“Do you know what scares me?”
This is not the question I wanted to hear while speeding down an icy highway with my buddy Stan.
I didn’t know what was scaring Stan, but I did know what was scaring me – his driving.
A winter storm had roared in from the Dakotas earlier that afternoon, forcing the state patrol to close and padlock the blizzard gates on I-90, but Stan found a parallel road. Since the troopers were busy covering the freeway entrances, he figured he could go as fast as he wanted.
“What scares you?” I asked.
“Daphne wants to go to Las Vegas over the holidays. I don’t know if I can handle it.”
“I can see that,” I told him. “let’s just say Vegas is not built for people like you who have poor impulse control – or on second thought, maybe it is.”
“So what do I do?”
As we spoke, the box of the truck passed the cab. Stan corrected the spin – but over compensated. The box then passed us on the other side.
“Indulge only in moderation,” I told him, hoping he knew I was talking about more than Las Vegas.
“Ain’t nothing moderate about that town,” he said.
“You have a point there.”
A few twists of the wheel brought the truck back into line.
“Stan, what you need is a higher power.”
“Whatever you are comfortable with.”
Stan thought about for a while.
Then it came to him in a flash. “Remember how the nuns said we should model our lives on the saints? Well, I need a one now. A saint who is completely opposite everything that is Las Vegas.”
It was not a bad idea, but I didn’t believe Stan from an instant. I knew he was up to something; he always is – but then again, if anyone needed a saint, it was Stan.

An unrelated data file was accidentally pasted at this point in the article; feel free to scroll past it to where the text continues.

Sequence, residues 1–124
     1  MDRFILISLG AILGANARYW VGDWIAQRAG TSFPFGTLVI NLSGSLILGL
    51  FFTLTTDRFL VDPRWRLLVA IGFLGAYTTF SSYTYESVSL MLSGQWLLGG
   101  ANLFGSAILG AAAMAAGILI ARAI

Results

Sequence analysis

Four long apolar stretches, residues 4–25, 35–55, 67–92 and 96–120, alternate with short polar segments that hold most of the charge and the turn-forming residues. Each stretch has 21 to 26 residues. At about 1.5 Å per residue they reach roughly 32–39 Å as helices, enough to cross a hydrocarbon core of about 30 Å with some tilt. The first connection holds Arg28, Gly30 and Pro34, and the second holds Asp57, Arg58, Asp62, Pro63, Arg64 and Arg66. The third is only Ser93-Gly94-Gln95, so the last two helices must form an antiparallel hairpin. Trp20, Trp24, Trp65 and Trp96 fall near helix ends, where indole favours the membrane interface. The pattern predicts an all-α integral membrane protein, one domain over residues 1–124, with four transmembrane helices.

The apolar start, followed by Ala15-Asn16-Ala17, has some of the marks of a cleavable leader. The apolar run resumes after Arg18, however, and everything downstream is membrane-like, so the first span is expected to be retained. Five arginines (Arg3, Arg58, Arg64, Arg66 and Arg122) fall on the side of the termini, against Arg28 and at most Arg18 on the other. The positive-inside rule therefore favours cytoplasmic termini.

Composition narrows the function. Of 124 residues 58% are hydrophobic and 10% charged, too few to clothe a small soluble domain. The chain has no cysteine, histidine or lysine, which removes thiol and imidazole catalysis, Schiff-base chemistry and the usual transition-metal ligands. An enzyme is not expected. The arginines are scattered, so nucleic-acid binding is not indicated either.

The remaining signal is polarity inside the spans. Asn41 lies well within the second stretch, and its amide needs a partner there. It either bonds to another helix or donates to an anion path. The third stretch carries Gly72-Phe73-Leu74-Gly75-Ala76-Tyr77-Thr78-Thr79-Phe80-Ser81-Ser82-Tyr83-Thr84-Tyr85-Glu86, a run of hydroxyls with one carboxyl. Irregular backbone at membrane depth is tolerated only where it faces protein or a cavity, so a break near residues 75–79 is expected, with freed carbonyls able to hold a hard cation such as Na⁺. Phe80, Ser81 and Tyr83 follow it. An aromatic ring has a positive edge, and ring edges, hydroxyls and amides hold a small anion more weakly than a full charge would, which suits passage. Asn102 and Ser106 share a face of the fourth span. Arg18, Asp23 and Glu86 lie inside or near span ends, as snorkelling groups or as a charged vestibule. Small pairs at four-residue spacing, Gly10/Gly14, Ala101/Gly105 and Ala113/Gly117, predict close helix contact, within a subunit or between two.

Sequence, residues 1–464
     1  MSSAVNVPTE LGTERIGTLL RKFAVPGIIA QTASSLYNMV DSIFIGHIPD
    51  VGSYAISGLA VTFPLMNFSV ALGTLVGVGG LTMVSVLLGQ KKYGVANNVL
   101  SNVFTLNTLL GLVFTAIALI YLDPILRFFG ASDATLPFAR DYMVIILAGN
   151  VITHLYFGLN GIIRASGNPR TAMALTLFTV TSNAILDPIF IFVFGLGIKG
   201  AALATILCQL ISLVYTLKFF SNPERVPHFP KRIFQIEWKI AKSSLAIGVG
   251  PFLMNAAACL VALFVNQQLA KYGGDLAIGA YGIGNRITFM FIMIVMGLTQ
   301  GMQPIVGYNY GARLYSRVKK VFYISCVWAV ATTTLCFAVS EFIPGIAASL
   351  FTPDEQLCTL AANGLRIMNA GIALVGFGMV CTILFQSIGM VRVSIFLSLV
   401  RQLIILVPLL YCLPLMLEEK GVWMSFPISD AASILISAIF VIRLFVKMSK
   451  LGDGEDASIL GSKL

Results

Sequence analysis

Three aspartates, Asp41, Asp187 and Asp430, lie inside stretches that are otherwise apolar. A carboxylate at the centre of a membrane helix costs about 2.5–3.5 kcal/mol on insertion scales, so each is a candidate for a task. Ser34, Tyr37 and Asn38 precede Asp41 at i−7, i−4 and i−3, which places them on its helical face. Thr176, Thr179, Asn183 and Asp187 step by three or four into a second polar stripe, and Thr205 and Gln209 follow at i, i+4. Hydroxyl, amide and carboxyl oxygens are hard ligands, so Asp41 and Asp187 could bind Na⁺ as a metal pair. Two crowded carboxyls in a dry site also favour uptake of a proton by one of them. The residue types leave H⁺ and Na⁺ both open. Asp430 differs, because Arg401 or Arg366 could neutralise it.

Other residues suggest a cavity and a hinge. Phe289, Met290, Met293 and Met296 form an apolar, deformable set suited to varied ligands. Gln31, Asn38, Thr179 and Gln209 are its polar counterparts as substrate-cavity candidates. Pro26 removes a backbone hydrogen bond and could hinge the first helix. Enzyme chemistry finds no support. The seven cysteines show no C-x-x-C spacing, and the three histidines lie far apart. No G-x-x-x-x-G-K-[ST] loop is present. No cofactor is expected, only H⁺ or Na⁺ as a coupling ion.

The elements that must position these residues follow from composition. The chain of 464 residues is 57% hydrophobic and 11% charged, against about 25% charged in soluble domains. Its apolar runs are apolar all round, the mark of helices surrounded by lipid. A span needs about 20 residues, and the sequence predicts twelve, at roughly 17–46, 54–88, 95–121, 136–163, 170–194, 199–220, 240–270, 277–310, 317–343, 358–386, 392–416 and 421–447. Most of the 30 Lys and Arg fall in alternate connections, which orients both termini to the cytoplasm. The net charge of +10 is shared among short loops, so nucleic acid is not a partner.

And not just any saint would do. What he needed was a real hard-ass, a saint whose rejection of wealth, glitz and hedonism was total. One who could shield him from the temptations of Las Vegas. In other words, the perfect Anti-Stan.
We listed every saint we knew and considered each of their qualities – but eventually, we had to rejected them all, because after all, this was Stan we were talking about.
“I’ve got it,” I cried, “remember Saint Simeon?”
“He’s the guy who so rejected the pleasures of the flesh that he climbed to the top of a fifty foot pedestal and spent the rest of his life up there.”
“You mean he never came down?”
“And he lived in that tiny space his whole life?”
“Because instead of giving into every impulse, people like Saint Simeon pursued grace by denying themselves everything that felt good.”
“It sounds miserable.”
“It probably was – but at least he was above temptation; to be precise, fifty feet above temptation.”
“So anytime something feels way too good, I should reject it?”
“For you, that would be a good place to start.”
“Could I really become a saint?”
“Maybe not, but you can begin by driving like one.”
Daphne called that evening.
“You’ve been talking to Stan again.”
“Yes,” I confessed.
“He says he would rather live on a pedestal than go to Las Vegas with me.”
“You have to understand,” I told her, “he is afraid about what the trip might bring. He doesn’t know if he can control himself out there. This is a sign of real progress.”
“No, it isn’t,” she said, “what he wants is to compete in the regional pool tournament being held at The Pit the same week.”
“Oh, I forgot about that.”
“I told Stan if he didn’t go to Vegas, I’d make his life more miserable than it currently is.”
“So why are you calling me?”
“I called to remind you that there are consequences for putting stupid ideas in Stan’s head.”
“Are you going to make my life miserable too?”
“Get in line.”
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